Steven Squyres has been presenting updates at various planetary science conferences on the status of the Decadal Survey. The slide above is from his most recent presentation at an astrobiology conference. (You can down load the entire presentation by going to the Decadal Survey webpage and scrolling down to 'Past outreach events, and clicking on the 'Astrobiology Science Conference' presentation. Sorry, no url to the presentation itself.)
Other than these updates, formal news from the Survey has been scarce. Each of the working panels have been meeting over the past month in closed session to work on their reports. Several news articles, including one in the subscription only version of Aviation Week and Space Technology, have been touting the search for present and past life as an overarching theme likely to emerge from the Survey. (See a summary of the Aviation Week article here or the Space Daily article.)
Each of the science panels (inner planets, Mars, giant planets, etc.) has been including science goals that link to astrobiology (See slides at end of this blog entry from Squyres' presentation). For Mars and the outer planet satellites, this is easy since they include habitats that could be past or present abodes of life. For the inner planets and primitive bodies, the goal is to tie into the evolution of habitable worlds. Only the giant planets has not been able to find a tie to astrobiology.
The Aviation Week article lists several missions that best tie to an astrobiology theme; I've included possible costs that I've read in the past, but not Squyers' warning about sticker shock. (Note, for the purposes of the Survey, the decade runs from 2013 through 2022.)
- Mars Trace Gas Orbiter - $500M?
- Mars Sample Return (series of three missions) - $5-7B, with perhaps $4B needed in coming decade
- Jupiter Europa Orbiter - $3B
- Titan/Enceladus missions - wide range of costs depending on sophistication
- Comet sample return - at least $1.2B if warm samples (i.e., the ices melt) are allowed
Add this up, and assume 2-4 Discovery missions for those destinations without an astrobiology tie, and this would pretty well fill the expected budget of $12-13B over the decadal period (FY11 dollars).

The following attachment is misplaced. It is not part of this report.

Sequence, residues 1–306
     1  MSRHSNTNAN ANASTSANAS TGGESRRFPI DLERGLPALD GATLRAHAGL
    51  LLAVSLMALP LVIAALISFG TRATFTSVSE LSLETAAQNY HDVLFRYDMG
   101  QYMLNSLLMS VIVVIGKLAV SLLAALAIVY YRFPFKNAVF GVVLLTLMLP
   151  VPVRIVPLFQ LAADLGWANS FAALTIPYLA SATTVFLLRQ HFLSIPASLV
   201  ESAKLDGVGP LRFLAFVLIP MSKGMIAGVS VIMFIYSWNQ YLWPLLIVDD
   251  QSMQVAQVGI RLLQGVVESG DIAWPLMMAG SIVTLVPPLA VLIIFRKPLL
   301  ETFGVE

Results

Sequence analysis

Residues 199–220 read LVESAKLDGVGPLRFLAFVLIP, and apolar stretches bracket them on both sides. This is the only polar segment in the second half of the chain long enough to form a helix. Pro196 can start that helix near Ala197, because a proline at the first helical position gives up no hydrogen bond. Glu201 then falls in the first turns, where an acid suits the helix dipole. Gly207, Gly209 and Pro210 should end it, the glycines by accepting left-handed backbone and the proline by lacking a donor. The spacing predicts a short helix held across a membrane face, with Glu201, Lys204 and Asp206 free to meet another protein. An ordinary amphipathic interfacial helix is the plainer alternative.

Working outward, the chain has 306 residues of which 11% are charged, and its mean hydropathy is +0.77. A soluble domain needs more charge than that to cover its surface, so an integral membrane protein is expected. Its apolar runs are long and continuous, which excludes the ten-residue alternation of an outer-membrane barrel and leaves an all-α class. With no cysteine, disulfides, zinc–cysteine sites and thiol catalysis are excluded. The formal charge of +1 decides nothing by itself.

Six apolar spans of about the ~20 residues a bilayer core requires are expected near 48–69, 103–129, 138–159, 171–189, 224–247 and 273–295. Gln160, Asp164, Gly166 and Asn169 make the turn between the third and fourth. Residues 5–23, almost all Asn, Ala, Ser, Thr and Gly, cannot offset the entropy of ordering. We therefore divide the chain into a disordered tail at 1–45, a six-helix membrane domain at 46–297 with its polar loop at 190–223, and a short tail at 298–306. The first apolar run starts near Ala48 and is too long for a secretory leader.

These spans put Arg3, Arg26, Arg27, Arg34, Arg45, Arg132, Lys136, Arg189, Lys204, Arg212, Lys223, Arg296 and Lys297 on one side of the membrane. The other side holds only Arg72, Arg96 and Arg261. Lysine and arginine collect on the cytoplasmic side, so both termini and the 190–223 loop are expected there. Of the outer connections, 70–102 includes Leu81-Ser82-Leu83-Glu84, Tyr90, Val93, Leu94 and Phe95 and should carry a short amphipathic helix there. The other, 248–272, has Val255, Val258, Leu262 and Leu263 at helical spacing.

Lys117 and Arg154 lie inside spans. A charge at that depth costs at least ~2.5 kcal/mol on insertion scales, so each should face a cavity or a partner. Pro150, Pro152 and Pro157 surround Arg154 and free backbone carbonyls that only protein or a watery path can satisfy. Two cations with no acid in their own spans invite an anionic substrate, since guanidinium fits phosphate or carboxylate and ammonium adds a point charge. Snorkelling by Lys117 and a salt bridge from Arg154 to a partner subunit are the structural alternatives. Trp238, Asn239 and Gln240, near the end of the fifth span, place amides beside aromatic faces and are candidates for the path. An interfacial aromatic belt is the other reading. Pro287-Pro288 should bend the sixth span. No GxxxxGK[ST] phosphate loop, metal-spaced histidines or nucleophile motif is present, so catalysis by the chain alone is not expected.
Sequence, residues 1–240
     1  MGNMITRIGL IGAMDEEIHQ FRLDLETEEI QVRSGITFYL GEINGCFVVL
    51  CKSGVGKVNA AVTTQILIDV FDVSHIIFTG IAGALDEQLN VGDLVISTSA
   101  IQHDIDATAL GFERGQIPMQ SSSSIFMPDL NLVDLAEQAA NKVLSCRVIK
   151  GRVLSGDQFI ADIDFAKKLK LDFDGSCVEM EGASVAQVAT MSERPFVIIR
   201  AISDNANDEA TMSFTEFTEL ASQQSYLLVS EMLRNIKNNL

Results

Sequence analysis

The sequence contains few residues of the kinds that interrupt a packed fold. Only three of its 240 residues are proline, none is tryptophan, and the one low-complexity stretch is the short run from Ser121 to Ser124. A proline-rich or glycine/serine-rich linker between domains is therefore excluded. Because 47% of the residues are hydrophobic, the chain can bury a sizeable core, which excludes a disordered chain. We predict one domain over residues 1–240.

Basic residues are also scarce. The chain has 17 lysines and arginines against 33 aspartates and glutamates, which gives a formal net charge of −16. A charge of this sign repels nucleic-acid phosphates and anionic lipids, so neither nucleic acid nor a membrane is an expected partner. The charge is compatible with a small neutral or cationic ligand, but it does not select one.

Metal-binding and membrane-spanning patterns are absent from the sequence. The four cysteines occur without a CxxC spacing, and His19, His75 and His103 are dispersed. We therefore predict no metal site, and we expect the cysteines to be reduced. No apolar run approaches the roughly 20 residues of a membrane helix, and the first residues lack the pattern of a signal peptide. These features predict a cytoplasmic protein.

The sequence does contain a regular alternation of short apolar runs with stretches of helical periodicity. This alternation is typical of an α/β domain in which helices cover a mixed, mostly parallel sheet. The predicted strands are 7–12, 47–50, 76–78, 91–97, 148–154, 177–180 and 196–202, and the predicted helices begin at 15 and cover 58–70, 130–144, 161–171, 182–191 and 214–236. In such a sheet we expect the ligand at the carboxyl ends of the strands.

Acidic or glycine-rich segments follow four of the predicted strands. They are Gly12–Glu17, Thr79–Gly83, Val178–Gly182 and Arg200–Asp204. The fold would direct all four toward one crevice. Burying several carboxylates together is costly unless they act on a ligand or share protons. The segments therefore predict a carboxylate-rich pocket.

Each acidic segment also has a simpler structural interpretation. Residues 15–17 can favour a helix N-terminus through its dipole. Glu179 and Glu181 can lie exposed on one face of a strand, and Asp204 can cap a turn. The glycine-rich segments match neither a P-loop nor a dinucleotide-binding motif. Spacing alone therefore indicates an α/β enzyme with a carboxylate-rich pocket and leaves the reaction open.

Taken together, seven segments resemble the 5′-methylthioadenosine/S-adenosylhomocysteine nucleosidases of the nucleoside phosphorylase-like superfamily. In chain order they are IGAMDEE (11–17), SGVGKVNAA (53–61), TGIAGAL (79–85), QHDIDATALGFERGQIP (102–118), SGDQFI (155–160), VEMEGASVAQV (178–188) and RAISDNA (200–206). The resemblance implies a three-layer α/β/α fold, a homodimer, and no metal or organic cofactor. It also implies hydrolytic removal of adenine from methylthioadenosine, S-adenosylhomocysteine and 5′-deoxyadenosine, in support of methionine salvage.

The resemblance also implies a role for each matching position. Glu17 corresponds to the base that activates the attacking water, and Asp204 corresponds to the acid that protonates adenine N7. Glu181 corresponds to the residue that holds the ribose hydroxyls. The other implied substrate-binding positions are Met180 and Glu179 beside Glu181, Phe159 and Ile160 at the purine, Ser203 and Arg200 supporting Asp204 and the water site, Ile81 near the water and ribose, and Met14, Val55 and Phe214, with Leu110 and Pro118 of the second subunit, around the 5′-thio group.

One of Squyres' slides showed a schedule for the Survey's meetings. It showed that the results of the analyses of candidate missions will be available to the Survey in July of this year. It's not clear when those results will be made public.
I've gone through the list of missions under consideration by the Survey and listed them based on tie to an astrobiology theme. (Some of the missions listed as non-astrobiology could associated with some astrobiology theme. Feel free to disagree with my assignments!) Institutions listed after each candidate mission indicate which institution is preparing the analysis of that mission. Costs will be independently assessed.
- Mars Trace Gas Orbiter (JPL)
- Mars Polar Mission (JPL)
- Mars Sample Return (JPL): (Mars Astrobiology Explorer with Cacheing (MAX-C rover), Mars Sample Return Lander, Mars Sample Return Orbiter)
- Europa Flagship Mission (JPL)
- Titan Flagship Mission (JPL)
- Titan Lake Lander (JPL)
- Enceladus Mission (JPL)
Evolution of [potentially] habitable worlds
- SAGE Venus orbiter (NASA NF-3 Candidate)
- Venus Mobile Explorer (GSFC)
- Venus Tessera Lander (GSFC)
- Venus Climate Mission (GSFC)
- Ganymede Mission (JPL)
- OSIRIS REX asteroid sample return (NASA NF-3 Candidate)
- Comet Surface Sample Return (APL)
- Moonrise lunar sample return (NASA NF-3 Candidate)
- Lunar Polar Volatiles Lander (APL)
- Lunar Network Mission (MSFC)
- Mars Network Mission (JPL)
- Io Mission (JPL)
- Saturn Probe (JPL)
- Uranus System Mission (APL)
- Neptune System Mission (JPL)
- Main Belt Asteroid Lander (APL)
- Chiron Orbiter (GSFC)
- Trojan Asteroid Tour (APL)
In another area of Squyres' presentation, reemphasized that only missions that already flying or have formal new starts are excluded from the Decadal Survey's review. The missions in development that have formal new starts, plus the next New Frontiers selection (since the selection is in progress) are listed below:
Missions still to launch not included in Decadal Survey:
- Juno (Jupiter) 2011
- Mars Science Lab 2011
- Maven (Mars aeronomy) 2013
- Artemis (Lunar fields and particles) 2011
- GRAIL (Lunar gravity) 2011
- LADEE (Lunar atmosphere and dust) 2012
- Next New Frontiers mission (OSIRIS-Rex asteroid sample return, SAGE Venus lander, or MoonRise lunar sample return)
The following slides are from Squyres' presentation and list the science goals of each sub-discipline (astrobiology goals are presumably highlighted since Squyres was presenting at an astrobiology conference).